How to make a film about art collector Peggy Guggenheim - Metro US

How to make a film about art collector Peggy Guggenheim

Lisa Immordino Vreeland
Submarine Deluxe

Documentarian Lisa Immordino Vreeland has made two documentaries in a row about iconoclastic women who helped enlighten less enlighten times, all while working in the art world without being artists. But both “Diana Vreeland: The Eye Has to Travel,” on the Vogue goddess, and the new “Peggy Guggenheim: Art Addict,” about the pioneering art collector, argue that they were as integral to culture as those whose works they helped expose. We spoke to Vreeland about her latest look at a pioneer.

Did you see many similarities between Vreeland and Guggenheim?

There are similarities. Obviously they’re both women. They’re both iconic and important characters of the 20th century. They both had strong personalities. They were freethinkers and they both wanted to reinvent themselves. That’s what intrigues me the most, this sense of reinvention. They both came from unhappy childhoods. I don’t want them to sound spoiled; it’s not like they were poor and beaten up by their mothers. But they wanted to break away from the constraints of their childhoods. In Peggy’s case, she had a traditional upbringing. The Guggenheims were part of that generation of Jewish families that were called “the art crowd Jews,” who had come to America and built their fortunes but lived with rules attached. They had nannies, they had rituals, they were basically like the Rockefellers. It was a very insular crowd. It was something Peggy didn’t feel comfortable with. She was able to break out at the age of 26. She found this freedom.

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They’re both kinds of figures who aren’t usually put on pedestals. They helped highlight artists, which, it can be argued, is just as important as creating art.

John Richardson [art historian], who’s one of the main characters in the film, he used the word “pollinator” to define her. All these things happened around her and people gravitated towards her. You could say it was about being in the right place at the right time, but it’s also about having the ability to support these people and create this atmosphere that can facilitate things. There’s some people who say she was an accidental tourist in her own life. I don’t feel that’s true. I don’t think any of this is by accident, because you have to have a personality to match. She was smart enough to ask for Marcel Duchamp’s help. You can only do that if you’re really open.

She’s someone who was really open about who she was and was really strong-willed at a time when such a thing was considered scandalous. She even boasted of having 1000 lovers.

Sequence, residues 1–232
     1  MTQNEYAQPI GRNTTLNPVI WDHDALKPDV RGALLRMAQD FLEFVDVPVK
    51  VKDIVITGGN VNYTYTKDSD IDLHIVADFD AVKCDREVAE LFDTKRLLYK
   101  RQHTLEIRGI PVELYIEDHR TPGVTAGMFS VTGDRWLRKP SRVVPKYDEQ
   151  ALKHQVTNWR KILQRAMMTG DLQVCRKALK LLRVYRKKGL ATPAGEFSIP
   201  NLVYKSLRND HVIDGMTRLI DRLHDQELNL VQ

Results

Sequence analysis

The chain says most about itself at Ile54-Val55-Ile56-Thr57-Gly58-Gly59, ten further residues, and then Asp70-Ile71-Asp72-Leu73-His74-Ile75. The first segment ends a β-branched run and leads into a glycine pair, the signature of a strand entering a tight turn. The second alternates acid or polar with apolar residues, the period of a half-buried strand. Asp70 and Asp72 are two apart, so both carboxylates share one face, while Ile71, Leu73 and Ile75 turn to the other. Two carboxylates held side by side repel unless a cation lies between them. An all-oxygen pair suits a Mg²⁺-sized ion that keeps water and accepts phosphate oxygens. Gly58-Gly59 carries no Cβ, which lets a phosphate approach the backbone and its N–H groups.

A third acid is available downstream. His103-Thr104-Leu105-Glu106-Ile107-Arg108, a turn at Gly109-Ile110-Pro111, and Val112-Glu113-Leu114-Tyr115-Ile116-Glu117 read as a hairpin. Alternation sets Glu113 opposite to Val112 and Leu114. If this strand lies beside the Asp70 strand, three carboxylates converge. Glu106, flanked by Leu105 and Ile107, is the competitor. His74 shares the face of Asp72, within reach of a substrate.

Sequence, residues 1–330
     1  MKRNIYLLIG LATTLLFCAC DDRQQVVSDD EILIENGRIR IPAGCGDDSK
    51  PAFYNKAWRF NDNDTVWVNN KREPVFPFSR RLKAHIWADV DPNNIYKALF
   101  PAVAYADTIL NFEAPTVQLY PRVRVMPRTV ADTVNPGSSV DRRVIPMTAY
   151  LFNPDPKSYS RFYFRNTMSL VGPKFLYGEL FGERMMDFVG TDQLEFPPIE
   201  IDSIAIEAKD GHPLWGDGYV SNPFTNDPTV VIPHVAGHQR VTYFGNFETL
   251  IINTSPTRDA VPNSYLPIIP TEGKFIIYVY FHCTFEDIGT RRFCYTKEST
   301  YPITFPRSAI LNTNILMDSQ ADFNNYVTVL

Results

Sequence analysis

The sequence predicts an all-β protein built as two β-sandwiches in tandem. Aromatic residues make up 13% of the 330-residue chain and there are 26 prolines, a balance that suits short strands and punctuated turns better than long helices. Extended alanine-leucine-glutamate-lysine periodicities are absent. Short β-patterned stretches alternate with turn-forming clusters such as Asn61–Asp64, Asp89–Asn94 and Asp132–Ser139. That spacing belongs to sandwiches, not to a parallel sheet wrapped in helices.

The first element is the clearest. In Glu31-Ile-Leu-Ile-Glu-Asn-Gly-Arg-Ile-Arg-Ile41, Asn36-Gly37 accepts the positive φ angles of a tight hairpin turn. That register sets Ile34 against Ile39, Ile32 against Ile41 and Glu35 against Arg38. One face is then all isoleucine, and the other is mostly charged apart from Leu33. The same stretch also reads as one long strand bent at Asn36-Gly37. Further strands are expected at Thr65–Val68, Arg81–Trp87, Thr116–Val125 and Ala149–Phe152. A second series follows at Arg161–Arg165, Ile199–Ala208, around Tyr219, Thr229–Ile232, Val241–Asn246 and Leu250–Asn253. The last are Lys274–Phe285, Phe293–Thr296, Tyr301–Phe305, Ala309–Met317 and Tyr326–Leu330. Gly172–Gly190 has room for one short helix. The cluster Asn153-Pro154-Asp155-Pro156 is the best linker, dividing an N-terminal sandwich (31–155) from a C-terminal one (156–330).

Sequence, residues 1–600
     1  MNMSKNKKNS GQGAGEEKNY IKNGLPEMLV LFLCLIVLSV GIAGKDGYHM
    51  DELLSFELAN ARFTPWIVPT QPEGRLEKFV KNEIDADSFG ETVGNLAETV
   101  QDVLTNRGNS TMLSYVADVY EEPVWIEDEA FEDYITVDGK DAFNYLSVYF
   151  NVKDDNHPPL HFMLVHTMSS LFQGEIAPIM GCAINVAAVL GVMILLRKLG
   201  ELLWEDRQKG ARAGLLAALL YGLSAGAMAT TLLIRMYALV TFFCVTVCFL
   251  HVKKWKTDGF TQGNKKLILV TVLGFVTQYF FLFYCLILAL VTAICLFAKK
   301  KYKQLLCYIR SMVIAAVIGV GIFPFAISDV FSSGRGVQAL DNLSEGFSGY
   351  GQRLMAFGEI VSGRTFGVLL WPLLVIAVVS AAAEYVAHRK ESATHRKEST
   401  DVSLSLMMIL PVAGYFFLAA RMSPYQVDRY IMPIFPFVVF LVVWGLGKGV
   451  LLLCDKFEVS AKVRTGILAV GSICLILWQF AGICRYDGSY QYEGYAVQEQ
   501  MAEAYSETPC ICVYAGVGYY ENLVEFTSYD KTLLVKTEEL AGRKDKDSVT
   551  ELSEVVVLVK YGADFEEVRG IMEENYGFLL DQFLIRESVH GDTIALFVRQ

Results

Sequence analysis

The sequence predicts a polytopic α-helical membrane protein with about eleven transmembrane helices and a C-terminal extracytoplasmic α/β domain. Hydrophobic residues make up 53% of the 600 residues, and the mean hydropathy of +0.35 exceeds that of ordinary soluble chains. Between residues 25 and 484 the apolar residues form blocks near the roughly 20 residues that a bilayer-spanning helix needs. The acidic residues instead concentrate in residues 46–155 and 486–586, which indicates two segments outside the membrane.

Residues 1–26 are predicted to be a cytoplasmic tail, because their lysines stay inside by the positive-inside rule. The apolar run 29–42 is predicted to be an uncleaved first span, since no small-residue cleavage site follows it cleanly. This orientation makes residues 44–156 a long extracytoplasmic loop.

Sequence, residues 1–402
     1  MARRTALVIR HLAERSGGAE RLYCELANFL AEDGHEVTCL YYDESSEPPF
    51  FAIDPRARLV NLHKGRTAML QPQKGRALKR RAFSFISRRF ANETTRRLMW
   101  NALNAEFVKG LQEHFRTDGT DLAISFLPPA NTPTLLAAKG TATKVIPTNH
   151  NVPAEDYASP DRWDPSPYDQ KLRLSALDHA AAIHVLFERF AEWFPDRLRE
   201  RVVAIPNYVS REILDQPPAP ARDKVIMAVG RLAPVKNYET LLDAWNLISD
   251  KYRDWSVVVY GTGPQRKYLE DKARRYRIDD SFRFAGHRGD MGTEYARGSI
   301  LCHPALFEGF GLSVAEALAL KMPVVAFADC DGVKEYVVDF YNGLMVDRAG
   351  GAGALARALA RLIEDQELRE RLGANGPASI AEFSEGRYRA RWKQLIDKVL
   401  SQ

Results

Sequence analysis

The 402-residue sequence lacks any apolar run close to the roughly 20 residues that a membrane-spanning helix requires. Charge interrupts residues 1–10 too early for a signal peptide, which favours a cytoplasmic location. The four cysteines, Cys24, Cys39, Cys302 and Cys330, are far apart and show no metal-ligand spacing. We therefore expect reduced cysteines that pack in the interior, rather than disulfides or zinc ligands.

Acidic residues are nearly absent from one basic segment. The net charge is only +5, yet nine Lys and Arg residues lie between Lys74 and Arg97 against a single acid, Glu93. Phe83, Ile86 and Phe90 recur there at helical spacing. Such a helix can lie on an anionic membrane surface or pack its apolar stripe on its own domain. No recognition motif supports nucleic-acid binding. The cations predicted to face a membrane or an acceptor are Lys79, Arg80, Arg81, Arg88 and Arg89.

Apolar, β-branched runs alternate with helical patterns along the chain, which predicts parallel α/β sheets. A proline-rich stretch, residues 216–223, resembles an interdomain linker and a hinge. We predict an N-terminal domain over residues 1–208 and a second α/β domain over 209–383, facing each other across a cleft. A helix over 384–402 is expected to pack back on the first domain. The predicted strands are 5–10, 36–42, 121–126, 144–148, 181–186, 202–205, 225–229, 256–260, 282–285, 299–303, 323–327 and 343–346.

I love the fact that she had the courage to do what she did, and to write this autobiography in 1946, when she was 48. It was really gutsy. She did not use the names of the real artists, but she did not deny that she slept with all these people. Everybody else was sleeping around at the same time, but she chose to write about it. She talked about her sex, she talked about her abortions, she talked about all these different relationships she had with artists. But it wasn’t just about her; it was about finding herself. She was not a feminist up there on a soapbox, but boy, she encouraged a younger generation to say, “I’m myself and I’m not scared to be myself.” That, for me, is the ultimate message of the film.

There are so many people that swirled around her. How hard was it to find a narrative that could fit 90-some minutes?

My concern was, “Is this too much material? Are we just killing the viewer with the amount of material we’re giving them?” You could do a whole miniseries on her. But I would have such a tough time with casting people like Duchamp, because they were so amazing and the footage really shows them very much alive. I was so in love with the footage we had in the film. I would have this real ethical issue of, “Oh, is that the person playing Duchamp? Hmm. I don’t know, we could do better.” [Laughs] I prefer the real one. But Meryl Streep would be a really good Peggy, don’t you think?

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Like “Vreeland,” it’s also not a documentary that relies heavily on talking heads. Visually it’s a procession of striking images and archival footage.

In “Vreeland” we had all these amazing spreads. Then of course, there’s the archival footage of the artists. I watch other documentaries that have archival footage and I’m just dumbstruck. I think it’s just the most beautiful footage. And showing artwork in movies is hard. There are so many ways to show it. You can make it really complicated, or you can just show it as it is. The visuals are a huge part because you can’t just have talking heads, especially with this material. With “Vreeland” we had 47 talking heads. It was insane how many people were onscreen. But not many people noticed. Also they were not very academic people. In this film there were many people from the art world.

Did you feel at all intimidated talking to academics, especially since what they say has to be accessible and understandable to a mass audience?

[Laughs] I think I prepared myself. I really did. It’s a great challenge. There are so many great people here. With John Richardson, I’m always in awe. I walk out of his apartment and I’m in another world. You’re talking to this guy who’s had an amazing life, has been friends with so many of these artists. But it was a different form of preparation. I had to be more academically in-tune with everything so I didn’t sound like a total dum-dum. I went prepared. I don’t know if when I walked out of the room they said, “Oh my god, what a moron.” I hope not.

Follow Matt Prigge on Twitter @mattprigge

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